Dog Paw Protection Tips

4 Tips to Protect Your Dog’s Paws in Summer

Medical Contributor:

Dr. Annie Kwok

Jun 19, 2023

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Summer weather can be awesome for people and their pets, but it can also be ruffy-rough on dogs for a variety of reasons. Hands down, one potential problem is their delicate feet. The pads of your dog’s feet are very delicate and can burn easily when you take them for a walk or other outdoor activities.

In our pet emergency rooms, we see this often. Our VEGgie vets are trained to handle burns on paws, but overall we strongly suggest that dog owners practice prevention through paw protection. Paw problems can affect your dog’s overall health and wellbeing during the summer months. By implementing paw protection measures, your playful pooch can stay active outdoors all season long.


Follow the 4 tips below to help protect your dog’s paw pads in the summer: 

1. Place your own hands on the ground

Yep, put your own feelers out! Do this if the outdoor temperature is above the mid-70ºsF. How to check if it’s too hot for your dog:

  • Before you take your dog with you on a hike, a walk, a run, or anywhere outdoors, briefly head outside on your own first
  • Place the back of your hand on the cement or any other ground surface
  • If you can’t tolerate the heat on your hands, your pet’s feet should not be exposed to the surface either

This hand test is a great rule of thumb, and is often a better gauge than looking at an actual thermometer. 

So, what if your dog is just going out to pee? Keep in mind, if you have a backyard that is mostly covered with cement or gravel, summer weather can make it hard for your pet to go outside for their bathroom break during the peak part of the day. You may need to create a walkway to your grass lawn out of materials that make it safer for pet feet to avoid burned paws.

2. Take an alternate route to your dog’s favorite spots

Dogs get to know a regular route by heart, or more likely, by their snout. In fact, you might wonder, “Who’s walking who?” when the excitement of going somewhere fun kicks in. If you tend to take the same route to get to the dog park or other routine spot, but if the weather is hot, you may need a Plan B depending on the path. Check if there’s grass along the route; a walkway with sidewalks or pavement can be problematic for paws. If necessary, find a different path that’s safer on the toe beans.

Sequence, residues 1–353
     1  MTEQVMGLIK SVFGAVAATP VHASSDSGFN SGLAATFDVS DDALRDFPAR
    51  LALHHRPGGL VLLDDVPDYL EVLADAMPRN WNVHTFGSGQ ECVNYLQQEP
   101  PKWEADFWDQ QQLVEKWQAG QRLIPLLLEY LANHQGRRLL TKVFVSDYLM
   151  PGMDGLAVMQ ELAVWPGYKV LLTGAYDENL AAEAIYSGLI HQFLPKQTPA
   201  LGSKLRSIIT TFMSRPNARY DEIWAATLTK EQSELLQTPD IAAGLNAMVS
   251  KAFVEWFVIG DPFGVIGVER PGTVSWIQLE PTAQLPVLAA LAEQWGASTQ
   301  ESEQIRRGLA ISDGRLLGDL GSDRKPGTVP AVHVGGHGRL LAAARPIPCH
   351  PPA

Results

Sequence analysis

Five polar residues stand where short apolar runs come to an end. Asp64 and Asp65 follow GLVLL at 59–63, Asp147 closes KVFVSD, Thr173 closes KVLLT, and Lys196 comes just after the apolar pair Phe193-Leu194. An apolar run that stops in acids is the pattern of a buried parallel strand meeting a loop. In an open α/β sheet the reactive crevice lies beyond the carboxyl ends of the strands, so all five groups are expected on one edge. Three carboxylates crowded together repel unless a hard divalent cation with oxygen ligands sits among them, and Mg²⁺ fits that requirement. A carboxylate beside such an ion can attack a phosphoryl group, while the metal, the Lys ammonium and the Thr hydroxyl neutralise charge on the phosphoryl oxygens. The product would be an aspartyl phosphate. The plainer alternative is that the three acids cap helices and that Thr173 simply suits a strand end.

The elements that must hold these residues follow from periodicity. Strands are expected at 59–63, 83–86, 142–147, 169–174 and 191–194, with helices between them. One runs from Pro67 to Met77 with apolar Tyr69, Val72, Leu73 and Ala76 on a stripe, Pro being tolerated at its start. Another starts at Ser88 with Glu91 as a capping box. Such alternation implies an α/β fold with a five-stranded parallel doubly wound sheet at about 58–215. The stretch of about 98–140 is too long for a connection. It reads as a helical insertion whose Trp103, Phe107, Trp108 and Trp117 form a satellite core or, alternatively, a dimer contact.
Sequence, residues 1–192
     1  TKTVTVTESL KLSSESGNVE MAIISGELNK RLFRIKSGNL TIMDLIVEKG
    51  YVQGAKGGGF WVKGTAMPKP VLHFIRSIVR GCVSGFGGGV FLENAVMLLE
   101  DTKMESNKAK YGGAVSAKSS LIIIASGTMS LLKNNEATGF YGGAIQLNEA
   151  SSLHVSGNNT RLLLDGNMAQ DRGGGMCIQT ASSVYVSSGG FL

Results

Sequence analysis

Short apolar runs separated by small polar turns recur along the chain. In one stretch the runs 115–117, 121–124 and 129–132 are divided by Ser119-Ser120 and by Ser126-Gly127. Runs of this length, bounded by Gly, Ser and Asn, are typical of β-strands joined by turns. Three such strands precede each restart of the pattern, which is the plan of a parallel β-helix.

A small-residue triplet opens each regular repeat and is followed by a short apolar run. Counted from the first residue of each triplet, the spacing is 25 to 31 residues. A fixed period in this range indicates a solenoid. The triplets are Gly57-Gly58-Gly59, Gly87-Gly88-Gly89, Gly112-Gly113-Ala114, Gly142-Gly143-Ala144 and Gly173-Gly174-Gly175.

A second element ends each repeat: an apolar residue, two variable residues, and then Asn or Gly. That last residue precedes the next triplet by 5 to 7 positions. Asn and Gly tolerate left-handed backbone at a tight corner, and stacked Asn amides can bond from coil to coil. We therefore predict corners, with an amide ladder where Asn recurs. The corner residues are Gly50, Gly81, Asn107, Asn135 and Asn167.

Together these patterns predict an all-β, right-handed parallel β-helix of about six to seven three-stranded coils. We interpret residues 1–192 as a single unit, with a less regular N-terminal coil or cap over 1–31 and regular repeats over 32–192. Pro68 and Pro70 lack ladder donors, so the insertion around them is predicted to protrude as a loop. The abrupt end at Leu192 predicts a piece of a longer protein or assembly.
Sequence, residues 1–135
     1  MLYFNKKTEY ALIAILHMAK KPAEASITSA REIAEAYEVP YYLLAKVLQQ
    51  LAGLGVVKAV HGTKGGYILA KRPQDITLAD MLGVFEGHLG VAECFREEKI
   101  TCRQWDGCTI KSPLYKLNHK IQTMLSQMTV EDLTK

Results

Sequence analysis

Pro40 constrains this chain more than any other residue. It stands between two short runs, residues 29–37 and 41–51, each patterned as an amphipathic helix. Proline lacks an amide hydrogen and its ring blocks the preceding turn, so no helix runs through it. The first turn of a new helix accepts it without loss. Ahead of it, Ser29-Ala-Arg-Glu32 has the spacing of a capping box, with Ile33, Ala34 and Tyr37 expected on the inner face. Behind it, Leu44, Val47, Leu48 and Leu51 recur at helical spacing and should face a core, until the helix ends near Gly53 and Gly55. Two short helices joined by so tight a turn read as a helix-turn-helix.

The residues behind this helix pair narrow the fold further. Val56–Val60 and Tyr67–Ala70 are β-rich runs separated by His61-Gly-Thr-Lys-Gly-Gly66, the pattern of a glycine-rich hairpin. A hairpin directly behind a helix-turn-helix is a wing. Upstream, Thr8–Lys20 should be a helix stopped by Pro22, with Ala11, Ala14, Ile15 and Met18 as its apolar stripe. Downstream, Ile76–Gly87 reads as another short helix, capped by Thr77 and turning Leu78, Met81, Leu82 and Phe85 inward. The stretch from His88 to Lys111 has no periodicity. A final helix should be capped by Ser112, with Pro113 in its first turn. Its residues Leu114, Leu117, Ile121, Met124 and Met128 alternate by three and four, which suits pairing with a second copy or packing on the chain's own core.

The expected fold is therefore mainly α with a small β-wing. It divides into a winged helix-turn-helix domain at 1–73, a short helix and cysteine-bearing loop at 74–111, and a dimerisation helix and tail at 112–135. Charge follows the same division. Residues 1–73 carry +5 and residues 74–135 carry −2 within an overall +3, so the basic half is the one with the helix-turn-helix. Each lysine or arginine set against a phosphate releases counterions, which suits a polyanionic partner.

3. Get your pet some dog booties

Dog booties can be a great solution to protect your dog’s paws for both hot and cold weather. Dogs with booties on will not get sunburned feet and will be far more comfortable in the summer months thanks to their canine paw coverings. 

For dog owners with patios and other cement areas where their pet spends a lot of time, booties can be a great solution that your doggy will appreciate! You’lll still need to leave your pets at home when the weather is over 80ºF, but if you are looking for a solution that will allow your dog to avoid burned feet due to the sun warming the ground too much, look into paw wear for dogs.

4. Leave your pet at home

If it is more than 80ºF out, your doggo is better off at home, preferably with the air conditioning on. Make sure that your dog is not left outdoors when you are away from home while the temperature is this high. You might need to create a space in your home that’s safe for your pet to hang out in when it’s really hot outdoors. 

While your pet might give you sad puppy-dog eyes about being left behind, there are many risks associated with high temperatures for dogs. Not only can your dog get heat burns on their feet, but there’s also the chance of your pet getting overheated and experiencing heatstroke. Heatstroke can be deadly in pets, and you want to avoid this health problem at all costs.

Many pet owners believe that hot temperatures are not a problem if their pet has access to some shade and lots of water. To that we say, H2Oh-no. Even in the shade, pets can get heatstroke because they are not able to adequately cool off after exertion. You may have seen that your dog takes a while to calm and cool down after playing. That’s because dogs are not aware of their own limits, so they can play too hard, and for too long. Combine that with temperatures that are too high, even in the shade, and you get a recipe for health trouble.


Sometimes the temperature spikes unexpectedly and you’re just not prepared with paw protection. If you’ve gone outside with your dog and think they may be affected by the hot surfaces, keep an eye out for the following: 

  • Limping or avoiding walking
  • Licking or chewing on paws
  • Visible paw damage, like blisters or redness


So, while summer comes with risks, you now have some tips on how to keep your dog from burning their paws on hot surfaces, like patios and sidewalks. To sum it up: 

  • Do not expose your dog to hot surfaces and extended periods in the sun 
  • Always be sure that you have a plan to protect your pet’s feet when the weather is really hot
  • Leave your pet home if the temperature is over eight degrees

Your pup looks to you for safety at all times. Remember, paw protection helps maintain your dog’s health and well-being during the summer!


If your dog does get burned paws when the sun is hot, contact VEG by calling your nearest location or come in for immediate triage. Carry your dog in, rather than making them walk. If you need assistance getting your dog into our ER from the car, call ahead and our staff of VEGgies will be ready to help. The skilled emergency vets at all of our VEG pet hospitals are available 24 hours a day, including weekends and holidays, to provide the best emergency and urgent care for your dog. At VEG, you stay with your dog the entire time, which is a comfort to you and your pet!